The all-important daily stand-up
Like David Cummings, I’m a huge believer in the power of daily stand-ups. I resisted them for about a year as I saw the teams around me adopt rigorous scrum methodologies, replete with silly names for meetings and for participants. It all seemed to be bit too much and I, unfairly, assumed it was a crutch for those managers who couldn’t handle keeping their team organized and on-task. And then I welcomed my fourth direct report.
I adopted a system I called “scrum-lite” that revolved around a daily-standup, a whiteboard, and many many post-its. I was like a fish out of water managing my ballooning team, including a second layer below me, and I needed a system that would give me confidence in both our progress and direction.
I’m happy to report that I got all of that AND so much more. A daily stand-up, in my humble opinion, is one of the greatest people-management tools one can employ. Looking at your direct reports every morning, first thing, whether in person or over video, made a huge difference in my ability to manage my people. People, unlike resources/FTEs/heads or whatever other slightly derogatory term companies substitute, have emotions, bad days, personal tragedies, and strong interests outside the office. One of my favorite routines for our stand-up was an end-of-standup Friday morning “what are your plans this weekend” round. The team came alive as they learned about their peer's fears (yes, I admitted to the group that I was learning how to swim! In my thirties!) and interests (cooking, mountain biking, crafting, illegal urban woodworking on shared balconies). We got to know each other as people, not just as colleagues. In doing so, we learned each other's buttons, weaknesses, dreams, and motivations. We learned that one of our data analysts was incredibly creative and artistic, which led to an opportunity for her to lead a marketing campaign effort.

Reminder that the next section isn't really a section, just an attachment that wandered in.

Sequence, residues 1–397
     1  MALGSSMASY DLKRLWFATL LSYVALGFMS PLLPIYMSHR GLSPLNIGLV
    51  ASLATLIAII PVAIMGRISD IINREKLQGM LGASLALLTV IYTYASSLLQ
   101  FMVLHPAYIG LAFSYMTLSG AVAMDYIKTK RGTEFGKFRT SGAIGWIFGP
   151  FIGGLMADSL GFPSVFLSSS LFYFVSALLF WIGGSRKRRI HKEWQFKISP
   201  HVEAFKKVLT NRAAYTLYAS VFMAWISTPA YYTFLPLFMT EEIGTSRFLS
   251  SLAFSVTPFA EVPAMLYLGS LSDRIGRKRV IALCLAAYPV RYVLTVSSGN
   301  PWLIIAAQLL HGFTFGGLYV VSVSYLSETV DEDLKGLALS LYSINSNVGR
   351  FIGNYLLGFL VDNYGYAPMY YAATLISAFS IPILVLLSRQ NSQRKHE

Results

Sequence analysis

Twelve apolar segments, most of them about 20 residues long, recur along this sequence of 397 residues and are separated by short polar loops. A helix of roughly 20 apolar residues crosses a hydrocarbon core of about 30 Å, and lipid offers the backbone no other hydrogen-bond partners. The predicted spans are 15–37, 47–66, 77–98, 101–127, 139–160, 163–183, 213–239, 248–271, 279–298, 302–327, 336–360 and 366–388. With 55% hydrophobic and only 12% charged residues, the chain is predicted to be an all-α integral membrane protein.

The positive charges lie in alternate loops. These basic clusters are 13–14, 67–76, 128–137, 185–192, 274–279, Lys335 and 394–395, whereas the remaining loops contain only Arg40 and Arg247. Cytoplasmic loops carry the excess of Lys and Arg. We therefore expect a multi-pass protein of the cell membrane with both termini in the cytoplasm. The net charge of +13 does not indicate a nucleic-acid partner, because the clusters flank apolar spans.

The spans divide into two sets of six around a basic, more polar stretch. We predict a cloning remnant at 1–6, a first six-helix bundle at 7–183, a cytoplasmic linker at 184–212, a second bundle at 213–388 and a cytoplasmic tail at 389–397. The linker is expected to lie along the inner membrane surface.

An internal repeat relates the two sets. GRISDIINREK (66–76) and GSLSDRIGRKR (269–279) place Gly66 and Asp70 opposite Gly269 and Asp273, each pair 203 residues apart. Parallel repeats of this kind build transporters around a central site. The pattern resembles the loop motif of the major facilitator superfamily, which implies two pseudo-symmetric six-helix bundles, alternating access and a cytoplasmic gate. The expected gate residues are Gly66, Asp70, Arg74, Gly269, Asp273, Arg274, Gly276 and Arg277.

I’m intrigued by the cadence David shares in his post and the impact a series of level-specific stand-ups would have on organizational alignment. I’ve never heard of this elsewhere, but I’d love to put it into action one day!
I’ve seen firsthand the power that a daily stand-up can have as a blunt tool for accountability. Volunteering to do something, within a certain timeframe, takes on a whole new meaning when you give yourself a day and have to report progress face-to-face the next morning. I’ve seen an ad hoc implementation like this lead to the rapid realization that the wrong leader was in charge of a given project. Better to know early on than be disappointed closer to the deadline.